Mechanical engineering note - safety analysis of molten uranium/water interaction in the uranium foundry furnace Page: 10 of 84
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This analysis investigates the following possible hazards associated with molten metal
and water interaction in the vacuum vessel.
" Steam generation leading to over pressure
" Hydrogen deflagration
" Damaging steam explosion pressures
" Thermal melt through of vacuum vessel floor
The safety philosophy in the furnace design is to limit the amount of water available to
participate in a molten uranium/water interaction by isolating the coolant flow when an
accident condition is detected. The safety analysis (see Appendix A) concluded that
hydrogen deflagration and damaging shock pressures resulting from the interaction
between molten uranium (- 1500 C) and water can be ruled out due to lack of sufficient
premixing between the molten metal and water. The maximum pressure in the vessel
from a worst case accident scenario has been calculated to be less than 15 psig over
pressure with proper venting capability. This is a conservative estimate because the
condensing capability of the vessel wall has been ignored. The vessel is designed to
withstand a 15 psig over pressure. Hence, even in the worst case accident condition, the
vacuum vessel will not fail.
The primary system response to a water leak inside the vacuum vessel is that the
roughing pump isolation valve opens when the vessel pressure rises above the setpoint,
pumping steam and hydrogen out of the vessel. The roughing pump remains on during a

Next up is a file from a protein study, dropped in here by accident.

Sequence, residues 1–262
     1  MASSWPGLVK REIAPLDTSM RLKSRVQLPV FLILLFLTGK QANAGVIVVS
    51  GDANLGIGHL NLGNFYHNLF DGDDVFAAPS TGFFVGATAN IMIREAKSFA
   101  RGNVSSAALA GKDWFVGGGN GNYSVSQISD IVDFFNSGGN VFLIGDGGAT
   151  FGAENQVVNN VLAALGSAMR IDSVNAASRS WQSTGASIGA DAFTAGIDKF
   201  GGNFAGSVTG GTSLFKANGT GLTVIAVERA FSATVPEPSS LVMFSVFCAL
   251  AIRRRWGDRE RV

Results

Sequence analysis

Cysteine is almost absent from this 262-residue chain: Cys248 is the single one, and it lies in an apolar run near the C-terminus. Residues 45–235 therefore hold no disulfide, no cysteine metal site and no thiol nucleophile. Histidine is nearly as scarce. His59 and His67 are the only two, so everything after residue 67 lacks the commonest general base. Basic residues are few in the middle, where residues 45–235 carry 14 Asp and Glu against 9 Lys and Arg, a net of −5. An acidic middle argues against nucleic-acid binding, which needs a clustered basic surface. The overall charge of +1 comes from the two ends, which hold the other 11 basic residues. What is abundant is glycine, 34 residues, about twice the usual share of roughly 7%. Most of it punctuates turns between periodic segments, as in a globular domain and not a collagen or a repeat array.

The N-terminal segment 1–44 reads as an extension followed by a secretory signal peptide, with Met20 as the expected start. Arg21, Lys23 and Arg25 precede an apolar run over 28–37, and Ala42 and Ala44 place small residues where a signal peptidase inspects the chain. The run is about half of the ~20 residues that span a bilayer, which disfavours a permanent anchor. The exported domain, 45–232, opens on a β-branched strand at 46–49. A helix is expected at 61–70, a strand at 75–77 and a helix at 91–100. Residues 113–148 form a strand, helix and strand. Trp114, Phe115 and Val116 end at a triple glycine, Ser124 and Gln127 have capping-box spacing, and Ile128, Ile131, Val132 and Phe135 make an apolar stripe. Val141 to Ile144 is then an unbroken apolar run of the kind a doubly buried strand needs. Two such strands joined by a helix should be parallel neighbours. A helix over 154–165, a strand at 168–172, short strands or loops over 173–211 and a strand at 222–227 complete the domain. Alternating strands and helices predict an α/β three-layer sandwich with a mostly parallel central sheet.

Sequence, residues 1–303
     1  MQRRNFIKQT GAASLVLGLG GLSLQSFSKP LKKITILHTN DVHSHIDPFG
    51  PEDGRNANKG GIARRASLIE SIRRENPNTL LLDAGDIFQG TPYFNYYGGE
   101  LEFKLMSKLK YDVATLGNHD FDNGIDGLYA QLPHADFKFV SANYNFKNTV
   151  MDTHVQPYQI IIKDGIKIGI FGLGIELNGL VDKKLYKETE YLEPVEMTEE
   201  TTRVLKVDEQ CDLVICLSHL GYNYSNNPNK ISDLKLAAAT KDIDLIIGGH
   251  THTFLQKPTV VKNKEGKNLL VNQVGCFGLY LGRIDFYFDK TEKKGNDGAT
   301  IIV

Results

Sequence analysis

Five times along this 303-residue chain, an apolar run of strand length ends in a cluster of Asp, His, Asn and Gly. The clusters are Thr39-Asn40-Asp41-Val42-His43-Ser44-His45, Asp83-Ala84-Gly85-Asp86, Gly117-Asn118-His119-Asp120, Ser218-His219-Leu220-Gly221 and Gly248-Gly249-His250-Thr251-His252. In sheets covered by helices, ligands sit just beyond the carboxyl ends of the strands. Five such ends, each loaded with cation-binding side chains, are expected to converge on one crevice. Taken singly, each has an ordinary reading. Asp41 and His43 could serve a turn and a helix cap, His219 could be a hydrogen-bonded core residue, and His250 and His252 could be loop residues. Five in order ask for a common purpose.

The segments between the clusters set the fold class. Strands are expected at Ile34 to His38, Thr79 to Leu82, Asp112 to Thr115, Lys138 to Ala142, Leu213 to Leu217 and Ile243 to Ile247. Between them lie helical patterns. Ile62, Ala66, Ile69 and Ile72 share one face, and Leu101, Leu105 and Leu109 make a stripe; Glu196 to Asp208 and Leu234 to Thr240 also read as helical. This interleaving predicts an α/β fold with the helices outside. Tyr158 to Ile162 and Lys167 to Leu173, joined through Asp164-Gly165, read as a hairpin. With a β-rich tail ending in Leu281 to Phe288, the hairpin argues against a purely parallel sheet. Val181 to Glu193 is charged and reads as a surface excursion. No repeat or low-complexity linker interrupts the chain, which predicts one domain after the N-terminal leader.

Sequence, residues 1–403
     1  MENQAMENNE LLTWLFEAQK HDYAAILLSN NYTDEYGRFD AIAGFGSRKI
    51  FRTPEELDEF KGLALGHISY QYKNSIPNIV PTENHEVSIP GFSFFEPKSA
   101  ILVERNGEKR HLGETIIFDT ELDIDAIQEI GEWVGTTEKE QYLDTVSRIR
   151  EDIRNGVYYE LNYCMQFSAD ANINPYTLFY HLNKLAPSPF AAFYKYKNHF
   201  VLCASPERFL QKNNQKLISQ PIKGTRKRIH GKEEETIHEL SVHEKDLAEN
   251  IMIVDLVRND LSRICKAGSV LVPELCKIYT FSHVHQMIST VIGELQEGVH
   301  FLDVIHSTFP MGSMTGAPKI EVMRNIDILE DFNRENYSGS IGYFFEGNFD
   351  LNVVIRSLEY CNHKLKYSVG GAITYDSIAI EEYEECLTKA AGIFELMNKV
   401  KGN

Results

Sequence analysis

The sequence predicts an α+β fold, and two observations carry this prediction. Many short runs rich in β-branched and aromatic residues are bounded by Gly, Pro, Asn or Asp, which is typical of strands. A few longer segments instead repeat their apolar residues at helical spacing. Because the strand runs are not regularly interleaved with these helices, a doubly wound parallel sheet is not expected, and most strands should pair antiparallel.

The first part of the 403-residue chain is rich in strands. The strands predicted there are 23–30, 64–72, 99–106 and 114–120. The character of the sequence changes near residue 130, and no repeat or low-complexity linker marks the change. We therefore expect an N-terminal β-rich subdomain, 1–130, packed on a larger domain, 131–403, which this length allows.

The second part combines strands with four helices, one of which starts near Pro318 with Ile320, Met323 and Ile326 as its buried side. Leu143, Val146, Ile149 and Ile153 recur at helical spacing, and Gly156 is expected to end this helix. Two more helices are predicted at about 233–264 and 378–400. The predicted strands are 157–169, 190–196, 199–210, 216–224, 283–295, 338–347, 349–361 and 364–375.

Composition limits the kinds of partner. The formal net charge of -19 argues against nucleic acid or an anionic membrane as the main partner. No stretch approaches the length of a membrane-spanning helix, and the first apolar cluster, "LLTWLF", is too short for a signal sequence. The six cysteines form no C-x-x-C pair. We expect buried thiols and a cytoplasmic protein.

run and quickly provides a pumping capacity of 3200 cfm to vent the vessel into the
negative air duct.
Even if the primary system response fails, the vessel will not pressurize because of the
two pressure relief valves and the rupture disc. These two backup systems preserve the
structure integrity of the vessel and allow the steam and hydrogen to vent into the
negative air duct in a safe manner.
The potential of thermal melt-through due to the accumulation of the molten uranium
(-100 kg) on the vessel floor can be ruled out. The calculation shows that the vessel floor
temperature will rise to ~ 230 C, it is well below the eutectic temperature for the uranium
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Gourdin, W H & Sze, J. Mechanical engineering note - safety analysis of molten uranium/water interaction in the uranium foundry furnace, report, August 19, 1999; California. (digital.library.unt.edu/ark:/67531/metadc622935/m1/10/: accessed December 18, 2018), University of North Texas Libraries, Digital Library, digital.library.unt.edu; crediting UNT Libraries Government Documents Department.